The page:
For those unaware, I will share my vague recollection of the details that I refuse to fill out more by googling because I don’t want to contribute any more clicks to these POS’s than I already am by mentioning them. Basically, some asshat YouTuber who goes by Mr. Beast decided that he was going to recreate the sets of the games from the show and solicit real-world players to compete in games for some cash prize.
I do not know if the contestants were paid actors, or if the people begging this YouTuber for a chance to compete for life-changing prize money to cover medical bills and mounting criminal fines and the like were real social media accounts or astroturfed for ghoulish marketing. It honestly does not matter. What matters is that this guy and a presumably somewhat significant audience thought that the games of Squid Game were meant (or could serve) as straightforward entertainment rather than a dramatic hyperbole meant to excoriate capitalism and predatory debt. In other words, they were identifying with Oh Il-Nam and his rich friends, and not with the contestants (read: victims) of the games.
I don’t know if I have anything more profound to express here than disgust, but I think it’s worth bringing up for one way it resonates with the actual show (beyond just being nearly as disgusting as the villains are). I think Marxists would see this widespread identification with the wealthy, spectating capitalists as a failure of class consciousness (but don’t quote me on that). My point is, as the contestants of the games in the show fail to recognize how profoundly they are all in the same boat, so too does the audience Mr. Beast imagines for this recreation fail to recognize that they are rooting around in the same shithole as Seong Gi-Hun and all the other poor saps stuck in that situation.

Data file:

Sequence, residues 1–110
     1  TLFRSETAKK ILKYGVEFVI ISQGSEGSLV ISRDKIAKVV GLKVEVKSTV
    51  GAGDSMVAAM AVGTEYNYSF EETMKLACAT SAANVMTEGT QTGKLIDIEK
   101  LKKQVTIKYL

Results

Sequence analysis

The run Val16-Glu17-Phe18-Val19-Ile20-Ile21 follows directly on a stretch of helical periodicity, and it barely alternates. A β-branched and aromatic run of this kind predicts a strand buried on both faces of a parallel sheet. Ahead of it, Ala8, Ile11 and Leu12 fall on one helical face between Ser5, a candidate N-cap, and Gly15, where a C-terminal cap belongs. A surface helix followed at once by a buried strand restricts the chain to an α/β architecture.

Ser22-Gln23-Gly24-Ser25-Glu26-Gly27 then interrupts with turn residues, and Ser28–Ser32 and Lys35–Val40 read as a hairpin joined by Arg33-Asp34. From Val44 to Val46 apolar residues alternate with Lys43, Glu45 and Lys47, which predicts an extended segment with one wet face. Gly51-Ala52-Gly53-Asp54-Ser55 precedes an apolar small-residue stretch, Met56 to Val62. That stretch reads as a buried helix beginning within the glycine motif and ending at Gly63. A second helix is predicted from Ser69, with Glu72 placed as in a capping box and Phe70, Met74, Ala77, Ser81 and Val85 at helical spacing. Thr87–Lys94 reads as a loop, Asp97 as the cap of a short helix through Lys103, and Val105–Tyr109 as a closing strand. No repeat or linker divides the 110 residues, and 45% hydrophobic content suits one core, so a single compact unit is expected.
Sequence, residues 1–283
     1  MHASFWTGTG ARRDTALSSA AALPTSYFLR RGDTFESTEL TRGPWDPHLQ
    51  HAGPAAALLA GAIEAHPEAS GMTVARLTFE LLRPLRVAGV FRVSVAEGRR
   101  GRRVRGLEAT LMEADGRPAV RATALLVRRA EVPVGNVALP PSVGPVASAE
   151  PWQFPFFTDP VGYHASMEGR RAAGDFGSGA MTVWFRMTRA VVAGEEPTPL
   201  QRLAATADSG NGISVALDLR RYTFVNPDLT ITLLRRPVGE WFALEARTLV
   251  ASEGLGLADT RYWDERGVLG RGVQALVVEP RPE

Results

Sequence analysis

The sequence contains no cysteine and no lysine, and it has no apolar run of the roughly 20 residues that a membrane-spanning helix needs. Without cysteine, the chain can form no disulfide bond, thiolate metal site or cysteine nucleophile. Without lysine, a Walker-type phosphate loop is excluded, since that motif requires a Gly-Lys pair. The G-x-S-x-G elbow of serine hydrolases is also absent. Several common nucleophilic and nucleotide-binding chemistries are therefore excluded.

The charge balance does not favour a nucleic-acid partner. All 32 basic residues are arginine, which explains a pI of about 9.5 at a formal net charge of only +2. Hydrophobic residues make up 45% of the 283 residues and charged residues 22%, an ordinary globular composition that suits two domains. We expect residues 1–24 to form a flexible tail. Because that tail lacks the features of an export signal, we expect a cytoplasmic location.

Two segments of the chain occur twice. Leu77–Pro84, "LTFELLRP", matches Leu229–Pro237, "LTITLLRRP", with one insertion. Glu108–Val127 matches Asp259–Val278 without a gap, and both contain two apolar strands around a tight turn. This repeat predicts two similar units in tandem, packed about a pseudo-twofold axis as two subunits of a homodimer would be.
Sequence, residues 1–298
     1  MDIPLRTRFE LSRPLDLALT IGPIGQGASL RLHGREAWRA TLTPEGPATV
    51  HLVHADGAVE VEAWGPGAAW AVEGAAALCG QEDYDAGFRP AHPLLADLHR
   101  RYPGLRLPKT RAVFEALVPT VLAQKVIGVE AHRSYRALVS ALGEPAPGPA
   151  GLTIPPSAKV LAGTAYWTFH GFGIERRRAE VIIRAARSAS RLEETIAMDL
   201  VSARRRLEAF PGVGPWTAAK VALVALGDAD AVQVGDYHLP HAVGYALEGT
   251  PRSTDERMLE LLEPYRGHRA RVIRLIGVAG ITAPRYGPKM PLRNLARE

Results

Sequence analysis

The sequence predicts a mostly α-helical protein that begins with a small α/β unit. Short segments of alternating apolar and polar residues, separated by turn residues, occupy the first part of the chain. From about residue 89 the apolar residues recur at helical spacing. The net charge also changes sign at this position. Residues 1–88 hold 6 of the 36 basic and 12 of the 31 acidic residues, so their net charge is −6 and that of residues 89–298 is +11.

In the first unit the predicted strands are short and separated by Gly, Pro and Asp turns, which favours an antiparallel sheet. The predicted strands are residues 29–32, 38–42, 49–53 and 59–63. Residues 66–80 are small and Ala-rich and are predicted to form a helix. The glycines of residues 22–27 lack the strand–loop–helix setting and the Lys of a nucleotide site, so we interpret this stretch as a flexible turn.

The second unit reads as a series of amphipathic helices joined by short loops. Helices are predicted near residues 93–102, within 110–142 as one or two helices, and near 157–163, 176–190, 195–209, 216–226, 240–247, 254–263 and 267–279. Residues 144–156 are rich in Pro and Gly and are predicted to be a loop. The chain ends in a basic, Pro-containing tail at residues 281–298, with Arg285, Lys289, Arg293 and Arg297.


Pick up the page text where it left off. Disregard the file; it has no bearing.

This basic failure to see the constraints of the situation we are in and to cut each other some fucking slack is exactly the thing that perpetuates the horrors we live with. For all it’s insight, I think the show cosigns Gi-Hun’s disgust with Sang-Woo (and expects us to as well) in spite of the very premise it has set up. Even when the show briefly attempts optimism and hope by having a stranger show up for the homeless man Oh Il-Nam and Gi-Hun are betting on, it can’t really imagine a way out of the depravity it depicts. Gi-Hun ultimately abandons a chance to see his daughter again to re-enter the games the following year, or perhaps to seek vengeance some other way. His imagination is trapped and he can’t see a way forward or out, even as he’s about to take it. For all its scorn of capitalism, Squid Game doesn’t have the imagination to see an alternative.
I think seeing an alternative starts with class consciousness, with recognizing that we are all essentially in the same boat and putting the primary blame for our overall predicament squarely on the blame of the people with the most power to change the situation most drastically. That doesn’t mean letting individuals without that kind of power off the hook for being shitty; pretty much everyone has agency and the capacity to do harm, and they should be expected to avoid doing harm as much as possible. But the fact is that very powerful people, typically the wealthy, have set us up in an often zero-sum situation that will require a truly titanic struggle to unravel.
People like Mr. Beast’s audience are simply foolish for identifying with the spectators of the games enough to want to watch something with the same vicious premise but closer to home. I don’t think such people will develop more compassion and clarity any time soon. But as for the rest of us, we have to resist the reflexive, defensive cynicism that these brutal circumstances tend to create. We have to cope, heal, and take some radical leaps of faith in each other.